What I’m doing

I’m planning to give an amount equivalent to my next two years’ worth of charitable giving, taking the likely trajectory of my salary into account. If not for some idiosyncratic aspects of my situation, I would have gone with three years. I don’t want to plan beyond three years because I think there are a lot of difficult-to-anticipate changes that could take place in that time.

Note that there are limits on the total proportion of income that can be deducted in a year, and one should check these before deciding to make a multi-year gift this year.

* Though as written, the tax plan would appear to constitute a major tax increase for many single filers, based on this statement: “Brackets for single filers are ½ of these amounts.” I’ve chosen not to focus on this issue, partly because there is no similar change in the 2016 House Republican Tax Reform Plan.

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GiveWell’s operations team is hiring!

Wed, 12/21/2016 - 15:40

I’m the Director of Operations at GiveWell, and I’m spreading the word about two openings on my team for experienced professionals.

We’re hiring a Donations Manager to lead the team that processes donations to GiveWell for the support of our recommended charities and our operating support. We’re also hiring an Operations and Legal Program Manager to lead complex, multi-disciplinary projects and assist with compliance and legal matters.

If you’re interested in applying, we’d love to hear from you! Links to the application forms are included in the job descriptions linked above.

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We’d be glad to chat with you!

Tue, 12/20/2016 - 12:02

If you’re currently trying to figure out where you’ll give this year and think it might be helpful to talk to us about your decision, please feel free to contact us at info@givewell.org or via this form. We’d be happy to set up a phone call or answer questions over email.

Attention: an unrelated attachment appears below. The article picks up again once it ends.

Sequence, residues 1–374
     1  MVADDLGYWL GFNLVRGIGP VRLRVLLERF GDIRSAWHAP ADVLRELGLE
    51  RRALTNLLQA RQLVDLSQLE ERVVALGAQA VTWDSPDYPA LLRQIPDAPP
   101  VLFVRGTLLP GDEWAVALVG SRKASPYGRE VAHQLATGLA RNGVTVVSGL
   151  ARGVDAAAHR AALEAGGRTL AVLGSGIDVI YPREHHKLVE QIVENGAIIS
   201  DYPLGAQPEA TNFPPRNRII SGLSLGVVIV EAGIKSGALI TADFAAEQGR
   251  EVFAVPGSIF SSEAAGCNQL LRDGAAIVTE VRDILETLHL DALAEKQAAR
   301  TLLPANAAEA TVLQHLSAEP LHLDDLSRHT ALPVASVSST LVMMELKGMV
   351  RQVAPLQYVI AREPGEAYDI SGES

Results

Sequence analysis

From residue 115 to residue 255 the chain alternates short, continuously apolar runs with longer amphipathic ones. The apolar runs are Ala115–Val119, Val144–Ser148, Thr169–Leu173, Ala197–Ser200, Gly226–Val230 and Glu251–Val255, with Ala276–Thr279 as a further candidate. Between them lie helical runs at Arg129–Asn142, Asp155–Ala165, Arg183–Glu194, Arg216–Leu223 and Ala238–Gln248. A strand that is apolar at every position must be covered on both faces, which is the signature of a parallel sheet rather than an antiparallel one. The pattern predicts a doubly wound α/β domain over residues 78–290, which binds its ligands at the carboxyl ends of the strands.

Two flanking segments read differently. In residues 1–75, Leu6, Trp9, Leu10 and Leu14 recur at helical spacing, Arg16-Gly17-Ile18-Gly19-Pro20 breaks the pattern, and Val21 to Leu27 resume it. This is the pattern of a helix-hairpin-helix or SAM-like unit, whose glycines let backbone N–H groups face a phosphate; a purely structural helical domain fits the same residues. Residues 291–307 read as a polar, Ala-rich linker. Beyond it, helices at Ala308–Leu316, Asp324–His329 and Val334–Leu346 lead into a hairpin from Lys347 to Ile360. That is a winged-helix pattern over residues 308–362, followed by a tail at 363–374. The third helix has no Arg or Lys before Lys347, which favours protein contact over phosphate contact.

We’ve spoken with many individuals who use our research over the past year. Our impression is that these conversations can be useful for donors and potential donors because (1) we publish a lot of information on our website, and it can be challenging for a time-constrained individual to find, read, and analyze all of it; and (2) different donors have different values and intuitions, and we believe it can be helpful to talk through the strengths and weaknesses of, and other considerations related to, the organizations we recommend. Conversations like these also help us understand how people use our research and what questions they have.

Due to limited staff capacity, it’s possible we won’t be able to speak with everyone who requests a call, although based on past experience we hope to be able to connect with anyone who gets in touch.

We look forward to hearing from you!

The post We’d be glad to chat with you! appeared first on The GiveWell Blog.

Discretionary grant making and implications for donor agency

Mon, 12/19/2016 - 10:37

A few weeks ago, we wrote:

[…] we are recommending that donors split their gift, with 75% going to [the Against Malaria Foundation (AMF)] and 25% going to [the Schistosomiasis Control Initiative (SCI)], or give to GiveWell for making grants at our discretion and we will use the funds to fill in the next highest priority gaps.

We’ve gotten some questions about what the difference is between giving according to our recommended allocation (75% to AMF and 25% to SCI) and giving to GiveWell for making grants at our discretion. This post explains the difference.

How we will use discretionary grant funds

In the past, we allocated grants to top charities either in line with our most recent recommendation to individual donors or, if we had tracked enough funding to hit the targeted amounts recommended to individual donors, we would allocate grants to top charities where we judged them to be most needed. (See this post for a more in-depth description of this process.)

For the next set of grants we will make with discretionary funds, in February or March 2017, we plan to:

  • Ask top charities for an update on their total revenues from all sources; and
  • Use this information to update our views on which remaining funding gaps are most valuable to fill, and grant the funds to that gap.

AMF currently has our highest-ranked funding gap for individuals, followed by SCI. (We are recommending that individuals give 75% of their donation to AMF and 25% to SCI, instead of 100% to AMF, because we expect donors following our recommendation to give more than it would take to fill AMF’s highest priority gap and it would be difficult for us to coordinate a quick change in our recommended allocation as soon as AMF’s highest-ranked funding gap was filled.)

Note that, using the plan described above, we would likely not allocate exactly 75% of our grant to AMF and 25% to SCI. If the AMF funding gap we are prioritizing is still sufficiently large in February or March when taking all of AMF’s revenues from all sources into account, it’s likely that we would allocate 100% of the grant to AMF. If AMF’s gap were already filled (or could be filled with only part of the grant), we may allocate the funds to SCI or another top charity that we judge to have the most valuable funding gap.